Just as the Gillespies were starting to think that the whole incident had passed, Ron received a mysterious phone call on August 19, 1977. It is unknown just who placed the call or what the two talked about, but what is known is that it was likely the letter writer, and that whatever he had said sent Ron Gillespie into a rage. He grabbed his gun, told his kids he was leaving, and stormed out the door to drive off in the family’s pickup truck. Not long after, the truck would crash into a tree at a nearby intersection, killing Ron in the process. Strangely, authorities found that his weapon had been fired a single time at some point after he had left the house, although it could not be ascertained just who he could have possibly fired at as he was driving the short distance from his house to the intersection, or how it could have possibly gone off accidentally. The police had no explanation for it.
The authorities quickly ruled out the possibility of foul play and deemed the crash an accident, but this was looked upon suspiciously by the Gillespies and many of the the people who knew them. For one, it was claimed that the sheriff had originally said that there had been foul play involved, before suddenly changing his stance and declaring it to be an accident and that the sole murder suspect that had been apprehended had been ruled out, all with little explanation. There was also the fact that Ron’s blood alcohol level at the time was supposedly found to be one and a half times the legal limit, yet his closest family and friends claimed that he hardly ever drank at all. Strangely, several residents also began to receive phantom letters from an anonymous sender who did not seem to want the mysterious death to be written off as an accident, which claimed that the authorities were orchestrating a cover-up, and also suggesting that the mystery letter writer had reemerged.
In the meantime, the shadowy letter writer once again began to send threatening, vindictive letters peppered with vulgar profanity to the Gillepsies and other residents as well. Even city officials were targeted, yet the letters showed a particular vehemence and hostility towards Mary Gillespie, continuing to threaten her over the torrid affair until she broke down and admitted that she was indeed having the affair, but oddly claiming that it had started after the first letter had arrived. Even then, the letters continued to taunt the family, aimed at not only Mary, but her husband and sister as well, and there was no way to prove if they were coming from Paul Freshour, who denied having anything to do with it when confronted.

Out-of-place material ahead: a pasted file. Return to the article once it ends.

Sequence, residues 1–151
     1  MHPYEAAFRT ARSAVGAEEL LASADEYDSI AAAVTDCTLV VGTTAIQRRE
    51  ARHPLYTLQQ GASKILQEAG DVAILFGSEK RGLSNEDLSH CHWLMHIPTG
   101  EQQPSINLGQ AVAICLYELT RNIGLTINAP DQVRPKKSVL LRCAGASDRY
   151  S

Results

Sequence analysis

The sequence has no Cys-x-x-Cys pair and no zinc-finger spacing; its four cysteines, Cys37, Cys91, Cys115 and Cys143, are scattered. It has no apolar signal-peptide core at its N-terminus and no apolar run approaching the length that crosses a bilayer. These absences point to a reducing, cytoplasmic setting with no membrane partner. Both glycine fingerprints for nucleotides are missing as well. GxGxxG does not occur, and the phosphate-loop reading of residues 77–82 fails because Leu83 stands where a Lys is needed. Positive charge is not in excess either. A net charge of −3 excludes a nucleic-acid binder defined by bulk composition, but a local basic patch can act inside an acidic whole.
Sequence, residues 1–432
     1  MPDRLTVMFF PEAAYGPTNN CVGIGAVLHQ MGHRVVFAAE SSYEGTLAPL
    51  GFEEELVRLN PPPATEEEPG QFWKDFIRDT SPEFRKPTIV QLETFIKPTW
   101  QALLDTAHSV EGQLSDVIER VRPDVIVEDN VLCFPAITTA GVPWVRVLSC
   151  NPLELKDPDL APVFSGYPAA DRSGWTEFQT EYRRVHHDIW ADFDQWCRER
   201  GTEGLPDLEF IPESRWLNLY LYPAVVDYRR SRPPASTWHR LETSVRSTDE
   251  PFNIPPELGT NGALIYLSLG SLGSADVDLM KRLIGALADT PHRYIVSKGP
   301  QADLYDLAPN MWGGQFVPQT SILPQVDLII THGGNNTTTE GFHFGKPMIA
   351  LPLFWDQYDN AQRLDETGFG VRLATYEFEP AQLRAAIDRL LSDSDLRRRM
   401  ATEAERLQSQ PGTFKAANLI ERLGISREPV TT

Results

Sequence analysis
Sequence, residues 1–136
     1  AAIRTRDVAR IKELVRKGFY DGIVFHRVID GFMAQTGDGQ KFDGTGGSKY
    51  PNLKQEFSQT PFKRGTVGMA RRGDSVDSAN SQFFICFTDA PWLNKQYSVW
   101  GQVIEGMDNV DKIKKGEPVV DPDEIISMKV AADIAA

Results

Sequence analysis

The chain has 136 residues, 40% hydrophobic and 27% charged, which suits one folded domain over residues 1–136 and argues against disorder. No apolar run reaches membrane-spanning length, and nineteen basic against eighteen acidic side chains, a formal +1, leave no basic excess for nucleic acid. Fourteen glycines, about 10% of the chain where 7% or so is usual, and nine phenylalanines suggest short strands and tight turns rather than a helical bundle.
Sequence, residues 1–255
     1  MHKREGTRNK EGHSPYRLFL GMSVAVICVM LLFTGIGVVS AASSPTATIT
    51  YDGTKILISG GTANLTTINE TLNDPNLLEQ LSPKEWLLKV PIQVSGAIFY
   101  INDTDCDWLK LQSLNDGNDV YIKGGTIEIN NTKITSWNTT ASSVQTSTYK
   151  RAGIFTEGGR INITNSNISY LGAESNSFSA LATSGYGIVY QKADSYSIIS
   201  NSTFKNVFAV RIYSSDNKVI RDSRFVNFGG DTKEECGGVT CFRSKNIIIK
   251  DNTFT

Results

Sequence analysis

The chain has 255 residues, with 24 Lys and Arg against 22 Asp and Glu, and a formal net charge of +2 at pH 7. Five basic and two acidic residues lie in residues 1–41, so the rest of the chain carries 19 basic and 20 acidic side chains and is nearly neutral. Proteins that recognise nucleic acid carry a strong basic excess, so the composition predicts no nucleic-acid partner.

This continued all the way up to 1983, when the mysterious sender graduated from malicious letters to a new form of harassment. Mary, who had kept her job as a bus driver even in the aftermath of her shameful secret being made public, one day noticed that someone had put up a sign along her bus route that threatened her daughter. Horrified and enraged, Mary stopped the bus and tore it down from its post, after which she noticed a box with a string protruding from it behind the sign, which was attached to yet another post. When Mary got to the bus and opened the box, she found that it contained a pistol, and that the whole contraption was a primitive, jury-rigged booby trap of some kind that had been intended to shoot her but had failed to go off.
The authorities were contacted, and an inspection of the pistol showed that someone had attempted to file off the weapon’s serial number, but it was a sloppy, unprofessional job and there was enough left for a positive identification of the owner. Eerily, that owner turned out to be the very man Mary had suspected of being the phantom letter writer all along; her brother-in-law Paul Freshour. When he was confronted, Freshour, who had since divorced Ron Gillespie’s sister, claimed that the gun had gone missing a long time ago and that he didn’t know what had happened to it, denying any involvement in the booby trap.
Despite this denial, Paul Freshour was subjected to a handwriting test, which involved Freshour being told to copy what was written on the mysterious envelopes and in the letters. Besides the fact that this has been criticized as being an improper way to perform a handwriting test, as well as the fact that experts could not determine if Freshour had actually written the letters or not, the sheriff nevertheless deemed the handwriting to be his. This, plus the pistol registered to him, was enough to get Freshour arrested and accused of attempted murder.
The letters and pistol were the only real evidence any one had against Freshour when he went to trial on October 24, 1983, and he apparently had an alibi for the day when the booby trap was found, yet he was eventually convicted of attempted murder and sentenced to 7 to 25 years in prison. By the end of the controversial trial, despite largely circumstantial evidence, almost everyone in Circleville was convinced that he had been behind the mysterious letters, that he had attempted to kill Mary Gillespie, and that he very well might have had a hand in the death of Ron Gillespie. For his part, Freshour stood by his innocence to the end, but the public was already convinced, and it was taken as a matter of course that the threatening letters would stop with his incarceration. The thing is, they didn’t.